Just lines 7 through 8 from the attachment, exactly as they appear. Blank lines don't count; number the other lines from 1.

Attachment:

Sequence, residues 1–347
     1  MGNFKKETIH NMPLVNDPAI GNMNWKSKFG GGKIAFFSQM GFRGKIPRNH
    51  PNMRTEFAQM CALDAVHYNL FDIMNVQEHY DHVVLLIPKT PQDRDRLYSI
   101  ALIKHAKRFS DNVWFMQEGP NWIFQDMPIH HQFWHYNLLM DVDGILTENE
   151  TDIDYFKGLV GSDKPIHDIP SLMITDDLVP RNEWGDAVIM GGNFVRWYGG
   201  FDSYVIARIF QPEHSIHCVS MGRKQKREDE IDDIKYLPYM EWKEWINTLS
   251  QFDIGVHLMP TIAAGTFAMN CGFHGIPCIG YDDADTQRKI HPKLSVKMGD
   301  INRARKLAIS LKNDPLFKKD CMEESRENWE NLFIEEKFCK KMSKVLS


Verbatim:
   251  QFDIGVHLMP TIAAGTFAMN CGFHGIPCIG YDDADTQRKI HPKLSVKMGD
   301  INRARKLAIS LKNDPLFKKD CMEESRENWE NLFIEEKFCK KMSKVLS